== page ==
• I like your point.  Really, I think this is important.  I’m currently reading the book “Neighbors and Wise Men” by Tony Kris that you sent me.  Tony learns to become less a superior and more of an equal.  Part of that transition includes be willing to be humble and sincere with others, no matter their position or religion.  Thanks for introducing me to this book, Joe.  I’ll be writing a review at http://www.danerickon,net in early February. 

    • Come on Dan! I didn’t want to make a point. I wanted to make a difference with this post (-;

      Glad to hear you’re enjoying the book. Please let me know when you’ve posted the review. I’ll be sure to check it out.

      • Of course, you know I was kidding, Joe.  I should offer Tony’s site it’s  I’ll let you know when I get the review up.

        •  Oh, I know. Just had to get a little poke in. Thanks for sharing Tony’s site. It looks quite interesting.

  • Making points tend to tick people off. Making a difference rarely does.

    • Spot on Larry. What are you doing to make a difference?

  • Arny

    i think making relationships is the primary way we make a difference…

    • Hey Arny! Long time no see here. That’s a great thought. When we’re willing to get down and form relationships with others, that’s when differences are made. 

      We’re currently talking about that at our church. We’re trying to start Life Groups with the understanding the message does no good unless there’s relationships helping to make a difference.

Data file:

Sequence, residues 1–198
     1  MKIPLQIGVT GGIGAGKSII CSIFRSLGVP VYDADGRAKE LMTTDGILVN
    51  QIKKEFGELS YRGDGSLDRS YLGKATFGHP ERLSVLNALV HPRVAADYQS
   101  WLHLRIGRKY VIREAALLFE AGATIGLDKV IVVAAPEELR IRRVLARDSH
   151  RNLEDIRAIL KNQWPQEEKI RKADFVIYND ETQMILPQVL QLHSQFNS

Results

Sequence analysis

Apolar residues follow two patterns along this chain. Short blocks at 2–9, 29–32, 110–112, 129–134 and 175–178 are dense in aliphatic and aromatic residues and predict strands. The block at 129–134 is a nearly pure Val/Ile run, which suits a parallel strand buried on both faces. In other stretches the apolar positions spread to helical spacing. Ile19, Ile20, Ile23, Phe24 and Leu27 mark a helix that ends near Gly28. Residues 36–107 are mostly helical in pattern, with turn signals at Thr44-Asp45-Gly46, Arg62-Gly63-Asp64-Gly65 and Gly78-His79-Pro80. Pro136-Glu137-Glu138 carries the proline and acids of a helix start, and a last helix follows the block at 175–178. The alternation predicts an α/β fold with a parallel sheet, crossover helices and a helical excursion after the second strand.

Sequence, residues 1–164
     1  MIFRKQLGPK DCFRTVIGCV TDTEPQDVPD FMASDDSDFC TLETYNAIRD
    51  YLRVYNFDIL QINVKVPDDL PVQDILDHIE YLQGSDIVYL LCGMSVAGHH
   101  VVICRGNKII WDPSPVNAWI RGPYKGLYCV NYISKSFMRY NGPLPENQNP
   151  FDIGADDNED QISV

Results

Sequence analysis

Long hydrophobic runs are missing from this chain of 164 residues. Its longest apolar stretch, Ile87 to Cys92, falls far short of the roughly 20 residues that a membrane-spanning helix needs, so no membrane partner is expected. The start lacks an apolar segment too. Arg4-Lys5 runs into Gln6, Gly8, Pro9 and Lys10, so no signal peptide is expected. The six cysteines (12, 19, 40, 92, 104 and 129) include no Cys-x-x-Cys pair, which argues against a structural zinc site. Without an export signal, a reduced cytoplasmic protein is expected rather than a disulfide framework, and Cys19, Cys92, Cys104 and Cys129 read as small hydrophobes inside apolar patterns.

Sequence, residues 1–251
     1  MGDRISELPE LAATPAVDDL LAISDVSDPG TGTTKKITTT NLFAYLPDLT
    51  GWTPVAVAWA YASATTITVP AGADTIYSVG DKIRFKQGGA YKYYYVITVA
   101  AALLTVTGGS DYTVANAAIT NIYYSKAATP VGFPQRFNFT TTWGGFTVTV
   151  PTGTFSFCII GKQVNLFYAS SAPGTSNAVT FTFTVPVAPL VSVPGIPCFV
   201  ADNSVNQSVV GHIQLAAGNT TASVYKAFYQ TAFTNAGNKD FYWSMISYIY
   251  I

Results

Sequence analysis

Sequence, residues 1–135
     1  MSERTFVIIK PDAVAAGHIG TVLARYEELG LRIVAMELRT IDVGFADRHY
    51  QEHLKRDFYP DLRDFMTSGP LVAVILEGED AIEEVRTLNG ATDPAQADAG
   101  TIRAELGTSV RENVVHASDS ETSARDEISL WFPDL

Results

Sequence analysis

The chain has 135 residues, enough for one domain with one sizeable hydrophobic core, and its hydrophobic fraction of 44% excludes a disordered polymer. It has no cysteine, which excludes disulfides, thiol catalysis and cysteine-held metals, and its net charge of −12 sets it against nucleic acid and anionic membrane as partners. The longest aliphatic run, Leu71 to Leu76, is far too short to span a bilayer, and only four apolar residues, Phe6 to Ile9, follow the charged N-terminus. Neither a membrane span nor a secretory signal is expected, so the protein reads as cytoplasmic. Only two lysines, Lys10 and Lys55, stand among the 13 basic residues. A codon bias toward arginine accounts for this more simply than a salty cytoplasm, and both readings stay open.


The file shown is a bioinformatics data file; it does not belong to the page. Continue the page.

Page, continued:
• I think serving, caring, and adding value to the people around us makes a huge difference. I have seen many businesses focus only on results or productivity while not caring or valuing their people. No one wins when this happens.  Great post!

    • Excellent insights and ways to make a difference rather than a point.

    • DS

      Well said!  There are times where it may be prudent to “tighten” up but those should be brief snip-its and not for the long-haul.  People value being valued.

  • Thanks for the great reminder Joseph. It’s helpful for me to remember that If I haven’t built the relationship then the chances of my point making a difference are very small.  I also find that when I share my story and show it in my life it helps me build the relationships I need. So those three points really work to mutually strengthen each other.